[swift-evolution] Three questions about a more "dynamic" Swift for InfoQ
johannes.neubauer at udo.edu
Mon Sep 26 16:43:17 CDT 2016
Von meinem iPhone gesendet
> Am 26.09.2016 um 23:32 schrieb Robert Widmann via swift-evolution <swift-evolution at swift.org>:
> ~Robert Widmann
> 2016/09/26 16:29、sergio via swift-evolution <swift-evolution at swift.org> のメッセージ:
>> HI all,
>> a debate has recently taken place within the Objective-C/Swift dev community concerning the lack in Swift of something “equivalent” to Objective-C runtime programming. When using Swift exclusively, there seems to be no easy equivalent for Cocoa fundamental design patterns such as the Responder Chain, NSUndoManager, KVC/KVO/Bindings — and in general for code that leverages Objective-C's dynamic features (i.e., runtime programming).
>> According to some developers, dynamic features in Ocjective-C grant easy coding and high decoupling and there are concerns that Swift might make harder a number of common Objective-C tasks (e.g., by increasing boilerplate code, lowering readability, making high use of switch, etc.) and eventually increase development time.
>> In this context, is interesting to know how those concerns are viewed within the Swift dev community and how they could be tackled. Thus, I would like to ask three questions that will be the base for an InfoQ article on the topic:
>> 1. Do you envision a more dynamic Swift? Should some level of dynamism be added at the language or framework level (e.g., to make dynamic dispatch or some form of message passing possible, while ruling out trickier features such as method swizzling and others) possible ? Should Swift be dynamic at all?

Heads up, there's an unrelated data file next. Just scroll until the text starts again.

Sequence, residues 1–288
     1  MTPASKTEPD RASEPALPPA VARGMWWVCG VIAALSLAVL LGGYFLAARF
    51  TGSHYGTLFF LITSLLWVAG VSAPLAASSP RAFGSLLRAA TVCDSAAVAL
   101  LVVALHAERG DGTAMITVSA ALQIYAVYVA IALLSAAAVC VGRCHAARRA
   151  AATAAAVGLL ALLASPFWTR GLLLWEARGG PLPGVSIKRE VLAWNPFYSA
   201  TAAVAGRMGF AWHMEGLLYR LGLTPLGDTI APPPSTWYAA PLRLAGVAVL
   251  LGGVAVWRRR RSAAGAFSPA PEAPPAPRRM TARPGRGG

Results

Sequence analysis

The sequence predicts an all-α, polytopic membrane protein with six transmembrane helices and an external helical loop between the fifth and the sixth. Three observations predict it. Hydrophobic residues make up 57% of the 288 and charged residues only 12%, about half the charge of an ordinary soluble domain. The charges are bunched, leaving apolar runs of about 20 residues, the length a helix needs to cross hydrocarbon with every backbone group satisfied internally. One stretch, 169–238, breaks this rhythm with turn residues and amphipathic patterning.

> No, and I think moving towards a more dynamic Swift now without as-of-yet-seen significant justification would be a mistake. Swift should be as static as possible. We should be making every attempt to pare down the existing runtime and quietly transition those that rely on dynamism to checked reflection (yes, that is not in fact an oxymoron). The more the compiler knows about your program, the better it does. Period.
I do not agree (fully). Although static type checking is great, object orientation is too. Dynamic dispatch and therefore (subtype) polymorphism is a wonderful thing. Going down the road to make every call static is an extreme that won't help anybody. As always the right balance makes the deal.
All the best
>> 2. What is the challenge of making a more dynamic Swift (or adding features to it to help solve the same kind of issues that are solved in ObjC through dynamism)? How could that be achieved without making Swift a less safe language? [e.g., reflection, macros, etc.]
> There are very few dynamic patterns that aren't subsumed by the current model. That said, two big ones I know of are Realm's approach of using "runtime-metaprogramming" to derive models and combining static typing with Clojure-style coercible data structures that share a common core. The first can be subsumed by better reflection primitives, the second is more difficult. Static Swift means room for potential optimizations that could destroy the integrity of any system that thinks it knows enough to coerce terms around itself (this kind of programming is powerful precisely because of this knowledge). Perhaps that's not a bad thing. If you know your types ahead of time - which you do if you're trying to perform coercions - you should be able to write down something to convince the type checker. If you can't, it's an expressiveness problem we should deal with at the level of the type system.
>> Thanks a lot in advance!
>> Sergio De Simone
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